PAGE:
An Octave Above Thunder, by Carol Muske-Dukes

… reverberation

                              Of thunder of spring over distant mountains

                              He who was living is now dead

                              We who were living are now dying

                              With a little patience.

 

–T. S. Eliot,

“What the Thunder Said”

 

1

 

She began as we huddled, six of us,

in the cellar, raising her voice above

those towering syllables…

 

Never mind she cried when storm candles

flickered, glass shattered upstairs.

Reciting as if on horseback,

she whipped the meter,

 

trampling rhyme, reining in the reins

of the air with her left hand as she

stood, the washing machine behind her

stunned on its haunches, not spinning.

 

She spun the lines around each other,

her gaze fixed. I knew she’d silenced

a cacophony of distractions in her head,

to summon what she owned, rote-bright:

 

Of man’s first disobedience,

                                        and the fruit…

                              of the flower in a crannied wall

                              and one clear call…

 

for the child who’d risen before school assemblies:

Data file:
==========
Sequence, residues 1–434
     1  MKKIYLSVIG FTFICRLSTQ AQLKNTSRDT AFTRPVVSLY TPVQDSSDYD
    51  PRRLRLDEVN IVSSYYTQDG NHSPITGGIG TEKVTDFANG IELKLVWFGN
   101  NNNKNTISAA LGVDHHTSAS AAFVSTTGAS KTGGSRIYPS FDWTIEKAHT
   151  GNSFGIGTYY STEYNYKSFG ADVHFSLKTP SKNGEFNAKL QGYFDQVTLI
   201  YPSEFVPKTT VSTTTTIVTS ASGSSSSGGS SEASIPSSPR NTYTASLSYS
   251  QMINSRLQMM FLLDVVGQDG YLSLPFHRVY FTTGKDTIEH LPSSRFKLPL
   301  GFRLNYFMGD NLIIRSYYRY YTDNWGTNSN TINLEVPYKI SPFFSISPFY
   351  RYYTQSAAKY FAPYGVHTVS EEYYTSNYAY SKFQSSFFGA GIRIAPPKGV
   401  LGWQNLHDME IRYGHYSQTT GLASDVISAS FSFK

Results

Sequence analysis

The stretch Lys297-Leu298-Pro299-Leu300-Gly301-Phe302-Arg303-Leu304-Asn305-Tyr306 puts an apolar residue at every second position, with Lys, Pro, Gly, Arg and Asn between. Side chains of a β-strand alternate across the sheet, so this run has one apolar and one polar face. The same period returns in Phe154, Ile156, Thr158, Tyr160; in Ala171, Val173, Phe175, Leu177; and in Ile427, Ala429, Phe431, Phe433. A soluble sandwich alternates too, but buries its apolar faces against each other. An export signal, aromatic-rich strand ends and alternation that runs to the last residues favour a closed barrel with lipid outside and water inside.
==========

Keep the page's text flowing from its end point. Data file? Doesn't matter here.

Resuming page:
eerie Dakota rumble that rolled yet never brought

rain breaking over the podium. Her voice rose,

an octave above thunder:

 

When I consider how my light is spent–

I thought of her light, poured willy-nilly.

in this dark world and wide: half-blind, blind,

a widening distraction Getting and spending

 we lay waste our powers…Different poem, a trick!

 

Her eyes singled me out as the wind slowed.

Then, reflective, I’d rather be / a Pagan

 sucked in a creed outworn / than a dullard

                         with nothing by heart.

 

It was midsummer, Minnesota. In the sky,

the Blind Poet blew sideways, his cape spilling

rain. They also serve! she sang, hailing

closure

 

as I stopped hearing her. I did not want to

stand and wait. I loathed nothing so much

as the forbearance now in her voice,

insisting that Beauty was at hand,

 

but not credible. I considered

how we twisted into ourselves to live.

When the storm stopped, I sat still,

listening.

 

Here were the words of the Blind Poet–

crumpled like wash for the line, to be

dried, pressed flat. Upstairs, someone called

my name. What sense would it ever

 

make to them, the unread world, the getters and spenders,

if they could not hear what I heard,

not feel what I felt

nothing ruined poetry, a voice revived it,

extremity.

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